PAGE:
Annual distinguished lecture to focus on future of health care

October 23, 2014 | Events, UToday, UTMC
By Cassandra DeYoung



The University of Toledo College of Nursing will host the eighth annual Dorothy Hussain Distinguished Lectureship Tuesday, Oct. 28.

Thibault

Thibault

Dr. George E. Thibault, president of the Josiah Macy Jr. Foundation and chairman of the board of the Massachusetts General Hospital Institute of Health Professions, will be the keynote speaker at the event that will take place from 1 to 3 p.m. in Collier Building Room 1000 on UT’s Health Science Campus.

Thibault will give a lecture titled “The Future of Interprofessional Health Care,” and will speak about concepts stated in a recent report from the Josiah Macy Jr. Foundation published in June titled “Partnering With Patients, Families and Communities: An Urgent Imperative for Health Care.”

The report expresses a new way to improve health care by integrating patients, families and communities in the planning and implementation of health care. This would involve health-care educators and providers to work collaboratively with patients to determine policies and priorities, set agendas, and help guide and implement necessary reforms in both clinical practice and health professions training and education.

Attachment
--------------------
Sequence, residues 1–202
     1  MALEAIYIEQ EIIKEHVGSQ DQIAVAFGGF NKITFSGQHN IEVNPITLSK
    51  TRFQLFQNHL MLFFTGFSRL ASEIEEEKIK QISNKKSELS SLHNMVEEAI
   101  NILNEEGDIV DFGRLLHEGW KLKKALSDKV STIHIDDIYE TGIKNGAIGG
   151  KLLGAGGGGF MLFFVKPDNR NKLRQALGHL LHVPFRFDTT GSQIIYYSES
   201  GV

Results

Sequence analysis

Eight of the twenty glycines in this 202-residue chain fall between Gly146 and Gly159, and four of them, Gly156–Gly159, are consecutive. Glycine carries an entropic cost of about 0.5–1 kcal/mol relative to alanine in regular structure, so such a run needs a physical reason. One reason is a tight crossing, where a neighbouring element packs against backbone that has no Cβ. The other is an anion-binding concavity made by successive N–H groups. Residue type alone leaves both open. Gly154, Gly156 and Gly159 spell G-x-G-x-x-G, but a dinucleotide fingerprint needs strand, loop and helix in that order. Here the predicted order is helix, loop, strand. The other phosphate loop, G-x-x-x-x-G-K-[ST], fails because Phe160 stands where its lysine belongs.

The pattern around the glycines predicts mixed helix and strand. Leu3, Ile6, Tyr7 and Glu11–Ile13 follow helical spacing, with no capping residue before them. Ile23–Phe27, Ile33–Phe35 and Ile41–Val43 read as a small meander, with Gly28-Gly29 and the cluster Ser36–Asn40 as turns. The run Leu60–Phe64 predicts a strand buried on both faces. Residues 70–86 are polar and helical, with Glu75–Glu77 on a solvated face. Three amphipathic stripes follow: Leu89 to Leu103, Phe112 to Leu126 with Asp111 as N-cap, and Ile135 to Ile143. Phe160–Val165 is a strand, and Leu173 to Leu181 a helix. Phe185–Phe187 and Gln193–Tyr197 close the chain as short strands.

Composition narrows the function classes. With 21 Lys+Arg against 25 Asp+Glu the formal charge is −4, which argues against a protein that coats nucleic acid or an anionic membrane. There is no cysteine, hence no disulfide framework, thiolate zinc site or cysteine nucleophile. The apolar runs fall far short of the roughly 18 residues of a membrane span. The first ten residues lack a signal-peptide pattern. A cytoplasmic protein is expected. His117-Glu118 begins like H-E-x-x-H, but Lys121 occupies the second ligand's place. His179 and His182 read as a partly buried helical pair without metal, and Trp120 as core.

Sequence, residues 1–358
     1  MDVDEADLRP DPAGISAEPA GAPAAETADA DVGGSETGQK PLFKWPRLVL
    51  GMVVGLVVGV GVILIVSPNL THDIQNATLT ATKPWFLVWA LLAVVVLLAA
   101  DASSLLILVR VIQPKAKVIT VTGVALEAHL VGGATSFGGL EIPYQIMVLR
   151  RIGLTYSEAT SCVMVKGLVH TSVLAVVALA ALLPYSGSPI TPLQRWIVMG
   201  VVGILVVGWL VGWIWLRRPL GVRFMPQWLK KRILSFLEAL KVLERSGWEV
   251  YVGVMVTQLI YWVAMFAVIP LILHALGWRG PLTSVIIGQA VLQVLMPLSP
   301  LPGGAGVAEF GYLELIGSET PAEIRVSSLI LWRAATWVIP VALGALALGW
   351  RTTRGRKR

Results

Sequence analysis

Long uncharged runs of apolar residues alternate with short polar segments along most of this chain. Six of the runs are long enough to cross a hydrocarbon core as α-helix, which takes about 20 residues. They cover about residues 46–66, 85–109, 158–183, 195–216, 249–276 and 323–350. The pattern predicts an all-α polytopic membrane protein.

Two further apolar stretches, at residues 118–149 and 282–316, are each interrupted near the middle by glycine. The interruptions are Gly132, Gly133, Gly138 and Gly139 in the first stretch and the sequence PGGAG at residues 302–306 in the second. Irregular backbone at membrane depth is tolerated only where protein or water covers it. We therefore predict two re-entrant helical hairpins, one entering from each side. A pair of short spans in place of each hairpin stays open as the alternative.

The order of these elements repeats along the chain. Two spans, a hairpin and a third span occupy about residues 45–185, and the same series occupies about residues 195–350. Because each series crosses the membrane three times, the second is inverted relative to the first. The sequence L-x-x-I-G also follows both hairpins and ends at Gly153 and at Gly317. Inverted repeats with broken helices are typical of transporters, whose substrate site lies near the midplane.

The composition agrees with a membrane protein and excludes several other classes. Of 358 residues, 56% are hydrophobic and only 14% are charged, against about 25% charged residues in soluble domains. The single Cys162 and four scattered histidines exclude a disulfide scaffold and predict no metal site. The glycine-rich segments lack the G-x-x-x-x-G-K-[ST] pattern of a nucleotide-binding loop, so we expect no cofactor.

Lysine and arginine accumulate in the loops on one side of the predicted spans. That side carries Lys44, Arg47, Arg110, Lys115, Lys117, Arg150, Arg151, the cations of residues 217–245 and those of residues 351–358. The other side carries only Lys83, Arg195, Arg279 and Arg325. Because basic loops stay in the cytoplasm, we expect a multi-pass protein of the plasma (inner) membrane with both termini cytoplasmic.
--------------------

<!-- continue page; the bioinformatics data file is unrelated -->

Thibault is the Daniel D. Federman Professor Emeritus of Medicine and Medical Education at Harvard Medical School. He serves on the board of the New York Academy of Sciences, the Institute on Medicine as a Profession, the Lebanese American University and the President’s White House Fellows Commission.

He previously served as vice president of clinical affairs at Partners Healthcare System in Boston and director of the Academy at Harvard Medical School.

The free, public lecture is named after the late Dorothy Gladys Hussain, whose professional career spanned 32 years as a staff nurse and critical care nurse at the former Medical College of Ohio Hospital. She was known for patient advocacy and championing patients’ rights.

Additionally, she was recognized as a conscientious nurse who taught and mentored a generation of young nurses, medical students and residents.

She was honored twice with the Nursing Excellence Award for her passion for the profession and her willingness to deliver beyond the call of duty.

Hussain passed away in 2006 at age 62 of ovarian cancer. The lectureship was established in her honor through the Hussain Family Fun at the Toledo Community Foundation.